Saturday, November 05, 2011

John Adams on our Problems Today

These quotes, taken largely from the early 19th century, are just as apt today as when written...
The proposition that the people are the best keepers of their own liberties is not true. They are the worst conceivable, they are no keepers at all; they can neither judge, act, think, or will, as a political body.
Yet this is what most of the OWS folks are trying to accomplish with their consensus groups and refusal to appoint leaders. There is danger in such a system, which is the reason the Founders created a representative democratic republic instead of a participatory democracy.
There is danger from all men. The only maxim of a free government ought to be to trust no man living with power to endanger the public liberty.
Again, showing the genius of the checks and balances ingrained in every part of our government--to protect ourselves from ourselves. Everyone sins and is capable of malice, especially after becoming drunk on power.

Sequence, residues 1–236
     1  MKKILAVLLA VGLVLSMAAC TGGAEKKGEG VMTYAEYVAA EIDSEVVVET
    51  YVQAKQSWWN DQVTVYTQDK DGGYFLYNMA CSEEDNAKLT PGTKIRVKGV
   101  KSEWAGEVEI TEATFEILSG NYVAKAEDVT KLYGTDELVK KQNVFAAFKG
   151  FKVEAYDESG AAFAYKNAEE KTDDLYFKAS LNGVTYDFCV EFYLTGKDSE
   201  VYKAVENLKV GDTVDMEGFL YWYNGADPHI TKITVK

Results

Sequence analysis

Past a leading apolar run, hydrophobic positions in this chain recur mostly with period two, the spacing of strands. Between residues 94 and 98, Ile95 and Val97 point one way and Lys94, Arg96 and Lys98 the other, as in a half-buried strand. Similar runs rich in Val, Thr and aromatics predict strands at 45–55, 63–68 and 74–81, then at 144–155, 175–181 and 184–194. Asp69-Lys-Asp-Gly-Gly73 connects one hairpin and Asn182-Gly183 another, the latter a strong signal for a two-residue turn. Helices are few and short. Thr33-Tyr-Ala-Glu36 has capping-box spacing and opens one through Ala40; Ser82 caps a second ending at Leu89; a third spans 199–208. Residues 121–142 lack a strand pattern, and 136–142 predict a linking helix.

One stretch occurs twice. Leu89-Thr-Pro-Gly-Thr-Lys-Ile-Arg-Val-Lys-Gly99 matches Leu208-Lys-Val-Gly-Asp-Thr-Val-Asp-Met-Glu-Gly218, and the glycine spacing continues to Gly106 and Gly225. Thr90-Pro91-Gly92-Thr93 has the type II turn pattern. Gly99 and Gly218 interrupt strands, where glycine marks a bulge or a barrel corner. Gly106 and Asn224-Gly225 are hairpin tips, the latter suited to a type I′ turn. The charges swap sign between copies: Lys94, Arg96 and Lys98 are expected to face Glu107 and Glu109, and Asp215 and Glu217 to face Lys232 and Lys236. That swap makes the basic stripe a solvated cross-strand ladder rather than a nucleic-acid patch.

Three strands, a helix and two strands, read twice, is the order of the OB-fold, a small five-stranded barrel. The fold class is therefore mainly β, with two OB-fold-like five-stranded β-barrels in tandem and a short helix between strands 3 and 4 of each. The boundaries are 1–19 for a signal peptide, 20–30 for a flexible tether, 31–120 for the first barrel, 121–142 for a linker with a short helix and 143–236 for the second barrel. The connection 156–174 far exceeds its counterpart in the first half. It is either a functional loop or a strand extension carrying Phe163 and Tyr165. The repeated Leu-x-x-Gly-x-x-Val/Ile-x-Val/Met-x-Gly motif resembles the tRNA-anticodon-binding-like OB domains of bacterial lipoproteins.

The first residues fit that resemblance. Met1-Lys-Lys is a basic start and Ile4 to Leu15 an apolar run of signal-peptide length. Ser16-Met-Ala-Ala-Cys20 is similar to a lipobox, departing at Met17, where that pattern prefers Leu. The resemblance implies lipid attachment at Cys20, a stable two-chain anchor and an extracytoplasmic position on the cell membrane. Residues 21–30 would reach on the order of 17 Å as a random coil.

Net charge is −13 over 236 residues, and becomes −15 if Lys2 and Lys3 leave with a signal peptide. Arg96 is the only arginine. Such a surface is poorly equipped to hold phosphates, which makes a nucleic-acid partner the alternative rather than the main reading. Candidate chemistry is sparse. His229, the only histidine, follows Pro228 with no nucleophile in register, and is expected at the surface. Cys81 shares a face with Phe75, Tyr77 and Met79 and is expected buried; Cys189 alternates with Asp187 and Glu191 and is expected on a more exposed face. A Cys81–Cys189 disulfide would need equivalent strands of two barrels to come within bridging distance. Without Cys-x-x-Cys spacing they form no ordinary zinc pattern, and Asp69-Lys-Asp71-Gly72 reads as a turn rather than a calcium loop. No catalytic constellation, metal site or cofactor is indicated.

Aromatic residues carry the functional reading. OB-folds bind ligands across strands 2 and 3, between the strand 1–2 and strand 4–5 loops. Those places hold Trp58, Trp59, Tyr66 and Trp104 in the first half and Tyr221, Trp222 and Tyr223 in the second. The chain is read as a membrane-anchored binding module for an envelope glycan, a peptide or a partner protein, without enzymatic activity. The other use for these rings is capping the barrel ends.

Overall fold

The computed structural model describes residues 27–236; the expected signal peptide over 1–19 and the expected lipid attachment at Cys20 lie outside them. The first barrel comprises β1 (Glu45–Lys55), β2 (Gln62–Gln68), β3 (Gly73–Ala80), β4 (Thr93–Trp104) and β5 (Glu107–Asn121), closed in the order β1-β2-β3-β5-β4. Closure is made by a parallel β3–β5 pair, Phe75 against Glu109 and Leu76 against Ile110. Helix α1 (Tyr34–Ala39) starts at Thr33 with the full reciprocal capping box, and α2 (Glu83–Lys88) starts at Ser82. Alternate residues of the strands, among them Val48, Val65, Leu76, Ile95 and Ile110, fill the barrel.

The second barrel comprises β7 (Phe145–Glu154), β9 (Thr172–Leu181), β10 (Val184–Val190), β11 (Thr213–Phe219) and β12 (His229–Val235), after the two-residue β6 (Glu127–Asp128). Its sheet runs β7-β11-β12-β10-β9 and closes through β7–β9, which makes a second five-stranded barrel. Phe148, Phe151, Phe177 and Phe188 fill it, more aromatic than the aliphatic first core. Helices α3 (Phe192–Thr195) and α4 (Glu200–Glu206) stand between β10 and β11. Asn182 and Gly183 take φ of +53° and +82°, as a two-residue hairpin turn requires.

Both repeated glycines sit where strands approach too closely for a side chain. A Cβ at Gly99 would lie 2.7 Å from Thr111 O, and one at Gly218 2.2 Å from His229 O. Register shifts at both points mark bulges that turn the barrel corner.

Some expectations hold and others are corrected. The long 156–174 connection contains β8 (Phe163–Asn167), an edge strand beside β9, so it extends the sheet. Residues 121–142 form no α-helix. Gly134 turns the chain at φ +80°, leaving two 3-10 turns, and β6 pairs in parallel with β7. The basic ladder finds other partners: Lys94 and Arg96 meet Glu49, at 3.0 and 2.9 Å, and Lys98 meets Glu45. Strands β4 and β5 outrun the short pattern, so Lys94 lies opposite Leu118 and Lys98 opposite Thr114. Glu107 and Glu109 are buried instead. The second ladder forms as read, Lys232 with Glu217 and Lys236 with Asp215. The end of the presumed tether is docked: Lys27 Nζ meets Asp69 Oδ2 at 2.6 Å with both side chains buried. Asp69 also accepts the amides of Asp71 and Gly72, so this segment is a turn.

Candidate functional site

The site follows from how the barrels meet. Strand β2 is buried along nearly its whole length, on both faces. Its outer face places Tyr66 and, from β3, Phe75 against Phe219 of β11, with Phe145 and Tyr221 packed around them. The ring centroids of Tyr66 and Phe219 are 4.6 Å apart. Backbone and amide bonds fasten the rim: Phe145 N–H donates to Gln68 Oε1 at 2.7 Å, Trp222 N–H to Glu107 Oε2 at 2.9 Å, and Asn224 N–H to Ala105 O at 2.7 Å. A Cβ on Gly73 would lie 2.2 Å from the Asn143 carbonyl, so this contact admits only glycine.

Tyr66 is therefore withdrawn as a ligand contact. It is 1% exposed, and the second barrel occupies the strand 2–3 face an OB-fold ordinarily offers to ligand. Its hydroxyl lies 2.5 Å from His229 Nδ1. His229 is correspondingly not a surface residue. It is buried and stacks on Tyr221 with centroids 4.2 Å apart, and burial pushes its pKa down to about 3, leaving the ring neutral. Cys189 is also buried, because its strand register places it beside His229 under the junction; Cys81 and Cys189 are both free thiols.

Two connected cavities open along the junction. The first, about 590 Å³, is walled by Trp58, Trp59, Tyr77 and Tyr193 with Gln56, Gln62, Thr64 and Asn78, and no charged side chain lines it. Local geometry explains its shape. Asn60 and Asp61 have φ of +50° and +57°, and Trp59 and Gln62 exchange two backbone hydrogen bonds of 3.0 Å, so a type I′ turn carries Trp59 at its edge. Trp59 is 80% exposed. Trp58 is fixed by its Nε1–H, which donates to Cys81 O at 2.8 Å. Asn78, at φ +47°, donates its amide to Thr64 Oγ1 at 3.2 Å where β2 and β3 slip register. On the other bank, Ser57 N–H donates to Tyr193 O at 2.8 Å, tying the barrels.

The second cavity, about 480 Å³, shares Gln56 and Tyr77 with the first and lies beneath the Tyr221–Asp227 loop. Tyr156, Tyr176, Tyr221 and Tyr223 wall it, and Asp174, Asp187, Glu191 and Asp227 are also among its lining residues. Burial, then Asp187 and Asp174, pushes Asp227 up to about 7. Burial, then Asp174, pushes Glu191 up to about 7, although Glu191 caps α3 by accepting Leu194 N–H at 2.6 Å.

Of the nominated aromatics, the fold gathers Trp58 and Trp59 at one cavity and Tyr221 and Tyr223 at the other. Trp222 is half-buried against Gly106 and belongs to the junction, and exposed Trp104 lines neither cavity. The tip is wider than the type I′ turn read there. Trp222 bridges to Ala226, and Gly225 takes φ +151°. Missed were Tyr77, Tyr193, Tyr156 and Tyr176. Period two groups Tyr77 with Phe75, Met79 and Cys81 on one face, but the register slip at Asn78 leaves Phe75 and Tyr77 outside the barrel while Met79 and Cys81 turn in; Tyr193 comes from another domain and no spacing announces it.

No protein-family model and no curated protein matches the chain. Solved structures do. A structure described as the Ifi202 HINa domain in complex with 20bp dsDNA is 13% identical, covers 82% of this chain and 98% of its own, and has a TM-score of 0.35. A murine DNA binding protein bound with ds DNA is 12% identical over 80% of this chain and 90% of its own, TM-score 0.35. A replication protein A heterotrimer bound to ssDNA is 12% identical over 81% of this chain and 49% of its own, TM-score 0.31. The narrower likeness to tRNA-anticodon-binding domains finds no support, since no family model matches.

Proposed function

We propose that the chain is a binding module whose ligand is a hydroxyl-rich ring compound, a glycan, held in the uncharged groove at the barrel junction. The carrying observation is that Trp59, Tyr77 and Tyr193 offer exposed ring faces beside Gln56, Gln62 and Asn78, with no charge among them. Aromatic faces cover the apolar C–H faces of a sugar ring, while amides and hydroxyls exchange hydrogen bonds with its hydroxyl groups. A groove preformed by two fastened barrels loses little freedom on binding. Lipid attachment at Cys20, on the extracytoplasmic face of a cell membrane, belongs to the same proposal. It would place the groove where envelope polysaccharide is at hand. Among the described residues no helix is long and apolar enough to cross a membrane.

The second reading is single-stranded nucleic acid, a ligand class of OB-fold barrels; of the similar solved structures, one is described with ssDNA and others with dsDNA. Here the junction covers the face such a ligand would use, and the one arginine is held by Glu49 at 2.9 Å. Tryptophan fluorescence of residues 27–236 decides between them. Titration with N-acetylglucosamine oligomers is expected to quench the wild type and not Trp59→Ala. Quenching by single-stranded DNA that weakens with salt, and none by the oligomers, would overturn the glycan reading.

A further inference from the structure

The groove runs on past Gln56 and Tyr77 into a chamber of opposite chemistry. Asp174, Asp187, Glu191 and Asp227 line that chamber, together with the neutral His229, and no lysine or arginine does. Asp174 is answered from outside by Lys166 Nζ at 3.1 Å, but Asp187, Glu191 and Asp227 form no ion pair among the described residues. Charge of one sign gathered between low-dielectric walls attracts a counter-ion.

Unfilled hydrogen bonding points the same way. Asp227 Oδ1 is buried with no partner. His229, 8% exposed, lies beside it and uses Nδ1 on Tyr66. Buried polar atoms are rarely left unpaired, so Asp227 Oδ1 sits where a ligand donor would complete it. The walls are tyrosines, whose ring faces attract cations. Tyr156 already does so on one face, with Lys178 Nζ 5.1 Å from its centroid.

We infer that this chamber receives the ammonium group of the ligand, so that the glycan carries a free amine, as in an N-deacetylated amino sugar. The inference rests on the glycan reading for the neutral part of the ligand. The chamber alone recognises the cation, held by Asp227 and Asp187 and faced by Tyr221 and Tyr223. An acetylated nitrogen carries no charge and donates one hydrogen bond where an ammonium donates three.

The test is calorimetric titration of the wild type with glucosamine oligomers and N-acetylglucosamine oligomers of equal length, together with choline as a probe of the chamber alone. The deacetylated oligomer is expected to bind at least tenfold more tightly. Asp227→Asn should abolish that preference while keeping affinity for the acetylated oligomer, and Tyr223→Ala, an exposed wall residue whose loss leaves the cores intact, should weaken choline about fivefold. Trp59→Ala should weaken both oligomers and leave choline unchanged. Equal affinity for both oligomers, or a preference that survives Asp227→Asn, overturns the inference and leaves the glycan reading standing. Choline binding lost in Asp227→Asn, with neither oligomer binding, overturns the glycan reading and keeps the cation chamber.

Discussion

Democracy never lasts long. It soon wastes, exhausts and murders itself. There was never a democracy that did not commit suicide.
Such is why we have a republic. But even a republic is not infallible...
We have no government armed with power capable of contending with human passions unbridled by morality and religion. Avarice, ambition, revenge or gallantry would break the strongest cords of our Constitution as a whale goes through a net. Our Constitution is designed only for a moral and religious people. It is wholly inadequate for any other.
In other words, even with the safeguards put in place the population has to exercise personal restraint to make things work. These restraints are most often derived from the moral and ethical pathways common to all religions.

The above are of course from John Adams, circa early 1800s. There really isn't anything new under the sun.. aside from the latest iPhone.

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